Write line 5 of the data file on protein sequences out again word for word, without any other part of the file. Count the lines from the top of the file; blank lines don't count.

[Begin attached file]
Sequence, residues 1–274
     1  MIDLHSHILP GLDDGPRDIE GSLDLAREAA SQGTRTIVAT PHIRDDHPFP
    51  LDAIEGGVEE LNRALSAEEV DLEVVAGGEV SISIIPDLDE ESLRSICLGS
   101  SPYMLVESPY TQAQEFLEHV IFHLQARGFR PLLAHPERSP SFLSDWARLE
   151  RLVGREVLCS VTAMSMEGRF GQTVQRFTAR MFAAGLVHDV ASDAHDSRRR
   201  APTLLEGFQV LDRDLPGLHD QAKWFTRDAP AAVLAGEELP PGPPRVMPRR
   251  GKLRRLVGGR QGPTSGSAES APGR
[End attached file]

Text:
   151  RLVGREVLCS VTAMSMEGRF GQTVQRFTAR MFAAGLVHDV ASDAHDSRRR